Macular degeneration linked to immune abnormalities in retina

By: Emily Lunardo | Eye Health | Friday, August 19, 2016 - 02:30 PM

mauclar degeneration linked to immune abnormalities in retinaMacular degeneration was found to be linked to immune abnormalities beneath the retina. The new findings may help prevent vision loss associated with this eye condition. The researchers focused on two protective mechanisms compromised during the gradual onset of macular degeneration, which degrades and destroys central vision.

The retinal pigment epithelium is a layer of cells at the back of the eye performing an array of functions that are crucial for health vision. This is where macular degeneration starts, as immune proteins that are supposed to kill disease-causing organisms, fail to do their job properly.

Researcher Aparna Lakkaraju said, “These studies raise the possibility of treatments that could slow or prevent macular degeneration. The light-detecting cells in the retina are totally dependent on the RPE [retinal pigment epithelium] for survival, but the RPE cells are not replaced through the lifespan.”

The researchers are hopeful to develop a drug to specifically target these abnormalities in immune proteins and this way restore the protective mechanisms in the retinal pigment epithelium, preventing vision loss brought on by macular degeneration.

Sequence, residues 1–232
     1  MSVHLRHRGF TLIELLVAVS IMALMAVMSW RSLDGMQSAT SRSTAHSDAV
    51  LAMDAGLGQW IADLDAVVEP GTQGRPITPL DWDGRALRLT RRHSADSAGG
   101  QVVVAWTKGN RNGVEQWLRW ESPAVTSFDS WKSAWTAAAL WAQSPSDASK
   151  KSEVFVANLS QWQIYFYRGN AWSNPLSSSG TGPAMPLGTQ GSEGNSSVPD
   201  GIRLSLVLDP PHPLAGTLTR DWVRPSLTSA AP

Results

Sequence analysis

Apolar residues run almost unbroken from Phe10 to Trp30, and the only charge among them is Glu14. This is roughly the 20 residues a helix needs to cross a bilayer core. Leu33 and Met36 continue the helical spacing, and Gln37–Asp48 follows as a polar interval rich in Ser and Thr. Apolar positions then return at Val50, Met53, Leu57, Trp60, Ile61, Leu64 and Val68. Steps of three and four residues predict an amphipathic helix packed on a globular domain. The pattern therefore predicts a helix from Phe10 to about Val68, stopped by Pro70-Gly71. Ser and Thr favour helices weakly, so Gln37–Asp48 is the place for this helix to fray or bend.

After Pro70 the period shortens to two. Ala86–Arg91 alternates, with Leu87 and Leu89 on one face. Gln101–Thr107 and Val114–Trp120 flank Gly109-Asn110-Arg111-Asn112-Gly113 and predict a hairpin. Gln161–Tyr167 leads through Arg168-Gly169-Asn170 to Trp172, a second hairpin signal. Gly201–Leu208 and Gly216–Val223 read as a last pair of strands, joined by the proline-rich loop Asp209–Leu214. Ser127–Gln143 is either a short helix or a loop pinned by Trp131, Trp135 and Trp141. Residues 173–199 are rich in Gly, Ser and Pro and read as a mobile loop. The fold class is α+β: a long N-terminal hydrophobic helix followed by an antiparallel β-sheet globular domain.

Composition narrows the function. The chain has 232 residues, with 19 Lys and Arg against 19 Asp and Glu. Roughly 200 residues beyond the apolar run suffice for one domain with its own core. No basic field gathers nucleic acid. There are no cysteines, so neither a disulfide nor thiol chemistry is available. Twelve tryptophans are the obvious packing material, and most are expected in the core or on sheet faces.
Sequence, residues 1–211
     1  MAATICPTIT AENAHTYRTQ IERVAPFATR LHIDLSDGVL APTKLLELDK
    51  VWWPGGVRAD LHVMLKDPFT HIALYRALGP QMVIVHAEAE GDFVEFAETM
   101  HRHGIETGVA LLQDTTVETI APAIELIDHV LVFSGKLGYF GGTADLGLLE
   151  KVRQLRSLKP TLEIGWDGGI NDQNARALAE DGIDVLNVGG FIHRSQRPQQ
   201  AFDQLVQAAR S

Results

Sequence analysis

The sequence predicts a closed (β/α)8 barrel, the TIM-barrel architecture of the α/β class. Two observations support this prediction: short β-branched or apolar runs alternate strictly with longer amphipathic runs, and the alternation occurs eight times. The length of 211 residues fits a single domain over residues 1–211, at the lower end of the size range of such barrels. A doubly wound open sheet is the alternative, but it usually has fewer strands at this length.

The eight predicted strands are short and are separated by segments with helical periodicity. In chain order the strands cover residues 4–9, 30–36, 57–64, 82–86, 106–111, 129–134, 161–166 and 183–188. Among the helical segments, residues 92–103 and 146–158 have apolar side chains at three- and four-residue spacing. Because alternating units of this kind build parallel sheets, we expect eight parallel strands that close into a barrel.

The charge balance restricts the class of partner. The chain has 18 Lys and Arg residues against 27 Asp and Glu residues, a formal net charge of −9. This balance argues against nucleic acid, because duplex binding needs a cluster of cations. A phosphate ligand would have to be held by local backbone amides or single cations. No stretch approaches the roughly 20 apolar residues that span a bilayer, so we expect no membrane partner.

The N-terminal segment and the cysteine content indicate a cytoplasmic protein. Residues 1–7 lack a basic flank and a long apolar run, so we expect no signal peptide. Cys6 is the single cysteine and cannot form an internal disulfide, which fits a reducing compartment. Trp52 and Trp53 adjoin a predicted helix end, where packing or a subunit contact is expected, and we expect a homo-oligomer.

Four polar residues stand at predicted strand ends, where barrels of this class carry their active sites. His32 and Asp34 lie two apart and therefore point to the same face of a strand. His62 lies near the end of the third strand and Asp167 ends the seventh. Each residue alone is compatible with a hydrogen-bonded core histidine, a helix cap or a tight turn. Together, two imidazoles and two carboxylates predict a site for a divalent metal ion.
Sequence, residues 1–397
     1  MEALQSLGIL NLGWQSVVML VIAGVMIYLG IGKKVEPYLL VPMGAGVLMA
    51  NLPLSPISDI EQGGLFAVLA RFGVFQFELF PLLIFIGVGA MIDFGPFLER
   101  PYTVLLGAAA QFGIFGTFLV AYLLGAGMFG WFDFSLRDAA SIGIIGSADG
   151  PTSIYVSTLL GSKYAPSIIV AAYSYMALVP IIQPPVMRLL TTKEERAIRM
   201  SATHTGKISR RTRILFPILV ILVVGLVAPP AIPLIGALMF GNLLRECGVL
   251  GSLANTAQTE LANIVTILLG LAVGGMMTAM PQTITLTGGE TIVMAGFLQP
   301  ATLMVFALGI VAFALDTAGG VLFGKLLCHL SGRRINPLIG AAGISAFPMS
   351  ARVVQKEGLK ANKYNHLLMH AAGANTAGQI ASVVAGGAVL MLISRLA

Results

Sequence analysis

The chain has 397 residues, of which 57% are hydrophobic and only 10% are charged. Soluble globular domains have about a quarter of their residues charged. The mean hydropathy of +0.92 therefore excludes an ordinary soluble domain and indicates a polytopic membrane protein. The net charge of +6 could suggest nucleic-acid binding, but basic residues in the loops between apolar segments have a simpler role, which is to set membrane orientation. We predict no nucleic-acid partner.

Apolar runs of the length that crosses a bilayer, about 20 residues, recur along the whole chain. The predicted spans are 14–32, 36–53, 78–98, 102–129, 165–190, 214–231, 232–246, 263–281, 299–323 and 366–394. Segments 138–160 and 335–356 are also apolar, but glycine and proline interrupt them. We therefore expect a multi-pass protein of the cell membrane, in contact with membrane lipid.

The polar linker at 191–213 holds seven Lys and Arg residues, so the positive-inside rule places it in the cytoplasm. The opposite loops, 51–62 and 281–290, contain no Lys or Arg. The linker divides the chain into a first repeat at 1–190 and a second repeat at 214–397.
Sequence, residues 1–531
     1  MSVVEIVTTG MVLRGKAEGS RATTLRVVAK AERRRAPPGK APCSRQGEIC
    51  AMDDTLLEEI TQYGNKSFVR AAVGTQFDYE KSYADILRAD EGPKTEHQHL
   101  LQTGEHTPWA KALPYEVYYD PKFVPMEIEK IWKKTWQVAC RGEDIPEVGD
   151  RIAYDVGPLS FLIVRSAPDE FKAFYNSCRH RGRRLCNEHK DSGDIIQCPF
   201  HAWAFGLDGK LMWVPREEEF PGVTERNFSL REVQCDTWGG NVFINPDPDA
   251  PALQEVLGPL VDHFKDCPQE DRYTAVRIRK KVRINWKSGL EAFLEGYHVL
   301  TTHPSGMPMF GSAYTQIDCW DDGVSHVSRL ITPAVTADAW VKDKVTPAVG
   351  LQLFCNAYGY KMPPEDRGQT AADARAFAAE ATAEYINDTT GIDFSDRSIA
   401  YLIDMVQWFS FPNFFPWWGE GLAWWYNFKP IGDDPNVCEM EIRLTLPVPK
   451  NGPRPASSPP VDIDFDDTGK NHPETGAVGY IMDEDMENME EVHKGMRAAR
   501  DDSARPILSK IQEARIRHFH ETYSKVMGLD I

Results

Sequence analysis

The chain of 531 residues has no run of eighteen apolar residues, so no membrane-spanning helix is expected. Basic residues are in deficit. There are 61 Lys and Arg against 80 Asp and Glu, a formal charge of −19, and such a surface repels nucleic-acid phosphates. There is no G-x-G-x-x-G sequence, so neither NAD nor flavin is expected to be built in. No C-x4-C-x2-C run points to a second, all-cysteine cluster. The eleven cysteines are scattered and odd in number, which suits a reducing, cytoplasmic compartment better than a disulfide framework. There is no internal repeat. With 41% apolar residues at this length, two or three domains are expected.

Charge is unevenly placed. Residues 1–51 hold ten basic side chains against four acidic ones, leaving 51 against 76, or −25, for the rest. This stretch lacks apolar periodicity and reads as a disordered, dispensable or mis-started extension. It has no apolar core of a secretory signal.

Tests on mice have already proven the success of macular degeneration drugs available on the market in preventing damage to the cells in the eyes.

How does macular degeneration affect vision?

Age-related macular degeneration (AMD) is a condition that progresses with age. It begins to affect people over the age of 40 by hindering sharp and central vision. Central vision is used for activities such as reading and driving. With deteriorating central vision, completing daily tasks becomes quite difficult.

AMD affects the macula, the central part of the retina that allows us to see the fine details. AMD can come in two forms: wet and dry.

Causes of age-related macular degeneration depend on its type. In wet AMD, abnormal blood vessels behind the retina grow under the macula, leading to blood and fluid leakage. This form of AMD is often characterized by rapid central vision loss.

In dry AMD, on the other hand, the macula becomes thinner with aging. Roughly 70 to 90 percent of AMD cases are in the dry form. Unlike wet AMD, dry AMD progresses slowly, affecting either one eye or both eyes.

The biggest risk factor for age-related macular degeneration is aging. People can start noticing changes to their central vision as early as the age of 40. Other uncontrollable risk factors for AMD include race – Caucasians are more likely to develop AMD – and family history.

The use of corrective lenses, either glasses or contacts, can help improve your central vision. Annual checkups with an ophthalmologist are important for monitoring the progress of AMD. Regular visits to the optometrists are key for early detection of the AMD onset.

Just like an unhealthy diet can increase one’s risk of developing age-related macular degeneration, eating a healthy diet can improve the condition. Ensure you’re enjoying a variety of fruits and vegetables, which are nutrient powerhouses.

Eye exercises may help maintain vision. Healthy lifestyle habits can also help you support your vision health. Not smoking, controlling blood pressure and cholesterol, and wearing protective eyewear – sunglasses, safety goggles – can all contribute to healthier vision and slow down progression of age-related macular degeneration.

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